Air Canada racks up second-most refund complaints in U.S. in May
The airline was the target of 1,705 refund complaints filed against non-U.S. airlines
Air Canada had the second-highest number of complaints about refunds to the U.S. Department of Transportation of any airline in May.
The department says Air Canada was the target of 1,705 refund complaints out of 10,415 filed against non-U.S. airlines in the month, outpacing all 80-plus foreign carriers in the category.
United Airlines was the only airline — domestic or international — to notch more refund complaints at 3,215.
Air Canada and other Canadian carriers have refused to reimburse most customers whose flights were cancelled due to the COVID-19 pandemic.
However the U.S., like the European Union, requires airlines to refund passengers. A complaint to the U.S. regulator offers a potential path to reimbursement for some Air Canada customers who have been turned down north of the border.
Complaints come despite lower passenger count
Air Canada's tally of complaints came even as four U.S. airlines as well as British Airways and Lufthansa carried more passengers on flights with a U.S. segment than the Canadian airline, according to figures from the U.S. Bureau of Transportation Statistics.
WestJet Airlines Ltd. ranked right below Air Canada in cross-border passenger numbers, but garnered the sixth-most refund complaints among non-U.S. airlines at 346. WestJet has said customers who booked U.S. or U.K. flights are entitled to refunds.
May marked the second month in a row that Air Canada has finished among the top tier of complaint targets, with the Montreal-based company's portion on the rise.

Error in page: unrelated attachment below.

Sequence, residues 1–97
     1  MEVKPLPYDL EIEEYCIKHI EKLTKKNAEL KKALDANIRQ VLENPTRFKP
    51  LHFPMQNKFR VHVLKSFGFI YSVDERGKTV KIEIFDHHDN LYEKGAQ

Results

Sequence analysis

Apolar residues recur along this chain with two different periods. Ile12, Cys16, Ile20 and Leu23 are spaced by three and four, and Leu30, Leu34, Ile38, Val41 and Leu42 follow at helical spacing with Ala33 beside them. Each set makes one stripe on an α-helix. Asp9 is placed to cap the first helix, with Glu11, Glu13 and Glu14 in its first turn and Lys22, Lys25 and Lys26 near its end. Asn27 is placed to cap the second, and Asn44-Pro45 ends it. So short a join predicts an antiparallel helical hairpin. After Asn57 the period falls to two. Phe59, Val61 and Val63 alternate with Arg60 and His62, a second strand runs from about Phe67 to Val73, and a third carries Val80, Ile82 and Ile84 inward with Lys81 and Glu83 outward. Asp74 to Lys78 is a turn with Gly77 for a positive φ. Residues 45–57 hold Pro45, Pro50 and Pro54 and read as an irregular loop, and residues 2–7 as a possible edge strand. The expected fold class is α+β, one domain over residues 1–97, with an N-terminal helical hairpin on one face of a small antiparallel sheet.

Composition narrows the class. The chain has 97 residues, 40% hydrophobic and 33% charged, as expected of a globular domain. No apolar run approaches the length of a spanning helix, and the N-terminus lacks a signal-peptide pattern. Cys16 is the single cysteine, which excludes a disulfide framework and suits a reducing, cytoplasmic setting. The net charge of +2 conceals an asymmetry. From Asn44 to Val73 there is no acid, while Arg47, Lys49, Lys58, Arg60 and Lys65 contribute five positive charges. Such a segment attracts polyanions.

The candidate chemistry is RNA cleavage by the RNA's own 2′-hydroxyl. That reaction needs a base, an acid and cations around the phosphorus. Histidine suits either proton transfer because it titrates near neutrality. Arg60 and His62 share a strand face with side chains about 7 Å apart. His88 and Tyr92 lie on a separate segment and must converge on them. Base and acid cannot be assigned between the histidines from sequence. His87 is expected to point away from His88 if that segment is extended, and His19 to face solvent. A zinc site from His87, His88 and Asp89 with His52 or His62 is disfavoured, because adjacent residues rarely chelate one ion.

Air Canada received 969 refund complaints out of 7,568 in April, or 13 per cent, according to the department. It ranked third for refund complaints of any carrier that month, after United Airlines and American Airlines.
"There's a lot of pushback from the airline to refund passengers. They're trying to offer vouchers or get out of their obligation to refund their passengers," said Taylor Bain, a second-year law student at the University of Ottawa and co-founder of FORMidable Solutions.
Earlier this month, the organization released a free online tool to help passengers file formal complaints to the U.S. transportation department.
Bains says the complaint generator has now been used more than 2,000 times.
Disagreements with Department of Transportation
Air Canada did not immediately respond to requests for comment.
The U.S. transportation department's April 3 enforcement notice states that "passengers should be refunded promptly when their scheduled flights are cancelled or significantly delayed," and is applicable to U.S. and foreign carriers.
"Although the COVID-19 public health emergency has had an unprecedented impact on air travel, the airlines' obligation to refund passengers for cancelled or significantly delayed flights remains unchanged," the directive states.
Air Canada has fought formal complaints to the Department of Transportation, arguing that the enforcement notice along with "the Department's COVID-19 Refund FAQs are guidance documents only...and do not have the effect of law."
The airline also states in departmental filings that it has fully complied with the terms of its contract of carriage, that its refund policy "is neither unfair nor deceptive" and that many airfares were purchased outside the U.S., making the enforcement notice "an unwarranted extraterritorial application of U.S. law."
In May, the top complaint-earning foreign carrier after Air Canada was TAP Air Portugal, whose 901 cases amount to just over half the complaint numbers of its Canadian counterpart.